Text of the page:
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U.K. Museum Director Calls for Venerating Evolution as “Irrefutable”


“The removal of Darwin and evolution from schools is a backwards step,” writes Michael Dixon, director of London’s Natural History Museum, in The Guardian. Yes, it would very much be a backward step if anyone serious were proposing it in the U.S. or Britain. He cites “alarming reports from both Israel and Turkey,” although not being on the ground in either of those places makes it harder to assess how “alarmed” we should be.

Dixon goes on to advocate for a one-sided presentation of evolution to schoolchildren.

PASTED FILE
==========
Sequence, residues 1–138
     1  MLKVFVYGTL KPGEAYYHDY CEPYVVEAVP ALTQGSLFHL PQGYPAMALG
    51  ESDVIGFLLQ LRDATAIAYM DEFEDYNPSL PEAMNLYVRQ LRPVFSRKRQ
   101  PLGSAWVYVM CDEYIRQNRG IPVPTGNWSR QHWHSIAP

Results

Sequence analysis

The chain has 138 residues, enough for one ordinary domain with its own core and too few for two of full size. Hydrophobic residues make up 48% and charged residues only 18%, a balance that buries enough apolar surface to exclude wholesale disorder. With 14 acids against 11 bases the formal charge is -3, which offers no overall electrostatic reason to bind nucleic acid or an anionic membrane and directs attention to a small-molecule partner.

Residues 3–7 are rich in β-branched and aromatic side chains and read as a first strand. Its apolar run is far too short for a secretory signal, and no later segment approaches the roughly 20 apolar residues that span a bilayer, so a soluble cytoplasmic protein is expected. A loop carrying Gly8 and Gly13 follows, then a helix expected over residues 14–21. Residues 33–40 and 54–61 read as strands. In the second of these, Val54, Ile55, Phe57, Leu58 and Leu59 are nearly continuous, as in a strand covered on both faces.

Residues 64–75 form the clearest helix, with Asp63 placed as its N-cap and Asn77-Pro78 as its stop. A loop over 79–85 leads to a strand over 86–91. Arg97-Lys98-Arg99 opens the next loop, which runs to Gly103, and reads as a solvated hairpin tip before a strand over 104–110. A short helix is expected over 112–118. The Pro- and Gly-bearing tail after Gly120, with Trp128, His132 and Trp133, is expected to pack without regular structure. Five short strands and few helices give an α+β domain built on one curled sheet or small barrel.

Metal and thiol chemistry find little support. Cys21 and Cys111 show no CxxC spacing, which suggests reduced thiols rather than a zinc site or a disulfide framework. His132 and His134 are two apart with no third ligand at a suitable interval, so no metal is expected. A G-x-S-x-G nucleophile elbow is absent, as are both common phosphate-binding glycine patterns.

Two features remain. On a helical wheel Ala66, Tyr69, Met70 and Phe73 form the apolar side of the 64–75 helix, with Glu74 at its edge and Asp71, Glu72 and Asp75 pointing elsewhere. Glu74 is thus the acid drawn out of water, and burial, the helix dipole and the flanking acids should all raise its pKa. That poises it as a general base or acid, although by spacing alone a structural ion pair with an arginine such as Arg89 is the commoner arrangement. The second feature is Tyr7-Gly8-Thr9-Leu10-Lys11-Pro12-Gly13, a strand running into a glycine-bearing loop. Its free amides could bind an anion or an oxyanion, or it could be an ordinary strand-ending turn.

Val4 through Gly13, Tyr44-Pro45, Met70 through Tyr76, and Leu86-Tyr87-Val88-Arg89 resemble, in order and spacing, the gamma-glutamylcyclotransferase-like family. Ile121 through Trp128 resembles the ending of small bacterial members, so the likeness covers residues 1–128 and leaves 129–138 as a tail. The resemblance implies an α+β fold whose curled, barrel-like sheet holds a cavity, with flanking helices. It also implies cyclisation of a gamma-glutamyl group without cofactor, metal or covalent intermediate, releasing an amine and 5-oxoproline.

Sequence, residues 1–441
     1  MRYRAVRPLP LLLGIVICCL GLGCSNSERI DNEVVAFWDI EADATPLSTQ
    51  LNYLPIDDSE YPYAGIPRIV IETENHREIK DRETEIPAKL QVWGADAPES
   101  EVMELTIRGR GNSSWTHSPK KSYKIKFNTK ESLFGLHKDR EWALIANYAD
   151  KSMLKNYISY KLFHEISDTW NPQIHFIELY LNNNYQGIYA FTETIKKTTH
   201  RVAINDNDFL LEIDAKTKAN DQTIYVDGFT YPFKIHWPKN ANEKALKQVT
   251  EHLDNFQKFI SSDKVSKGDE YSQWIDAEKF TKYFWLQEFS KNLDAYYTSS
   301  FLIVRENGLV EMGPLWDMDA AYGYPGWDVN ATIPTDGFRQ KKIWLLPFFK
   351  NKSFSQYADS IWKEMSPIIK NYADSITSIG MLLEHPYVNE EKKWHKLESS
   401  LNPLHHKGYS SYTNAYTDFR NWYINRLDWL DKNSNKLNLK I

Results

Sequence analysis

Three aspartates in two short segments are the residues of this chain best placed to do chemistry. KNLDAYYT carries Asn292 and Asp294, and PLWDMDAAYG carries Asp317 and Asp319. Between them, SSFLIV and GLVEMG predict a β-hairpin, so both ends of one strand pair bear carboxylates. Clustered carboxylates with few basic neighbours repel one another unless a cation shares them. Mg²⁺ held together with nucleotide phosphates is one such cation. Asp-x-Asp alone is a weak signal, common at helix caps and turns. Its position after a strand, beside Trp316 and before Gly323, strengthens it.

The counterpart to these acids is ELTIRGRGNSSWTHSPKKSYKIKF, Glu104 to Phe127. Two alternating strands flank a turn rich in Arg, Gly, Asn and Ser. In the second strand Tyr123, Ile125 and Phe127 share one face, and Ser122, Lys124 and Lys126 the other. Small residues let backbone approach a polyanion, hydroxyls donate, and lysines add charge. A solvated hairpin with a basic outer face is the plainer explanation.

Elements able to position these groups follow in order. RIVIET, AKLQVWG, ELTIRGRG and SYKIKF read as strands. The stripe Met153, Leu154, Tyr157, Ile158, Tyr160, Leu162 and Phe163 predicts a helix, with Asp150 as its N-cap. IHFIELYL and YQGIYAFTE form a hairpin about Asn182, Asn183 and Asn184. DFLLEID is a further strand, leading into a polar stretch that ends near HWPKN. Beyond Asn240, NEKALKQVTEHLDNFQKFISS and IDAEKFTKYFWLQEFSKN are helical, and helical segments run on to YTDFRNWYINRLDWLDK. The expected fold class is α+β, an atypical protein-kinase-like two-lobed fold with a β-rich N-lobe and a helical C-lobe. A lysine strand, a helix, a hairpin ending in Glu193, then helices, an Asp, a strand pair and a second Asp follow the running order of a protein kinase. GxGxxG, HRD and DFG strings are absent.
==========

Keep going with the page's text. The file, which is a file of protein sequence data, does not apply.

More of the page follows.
If you remember, this is the museum founded by structuralist Richard Owen. The leadership there demonstrated its respect for Owen, a great scientist ahead of his time, by replacing a prominently placed 2,000-pound statue of him with one of Charles Darwin. 

Dixon mentions that India’s minister for higher education, Satyapal Singh, questioned evolutionary theory and stated that it should be removed from curricula. 

I heartily agree that evolution should be taught and definitely not removed from K12 science curricula. However, it should be taught objectively. As our Science Education Policy states:

Discovery Institute seeks to increase the coverage of evolution in curricula. It believes that evolution should be fully and completely presented to students, and they should learn more about evolutionary theory, including its unresolved issues. In other words, evolution should be taught as a scientific theory that is open to critical scrutiny, not as a sacred dogma that can’t be questioned.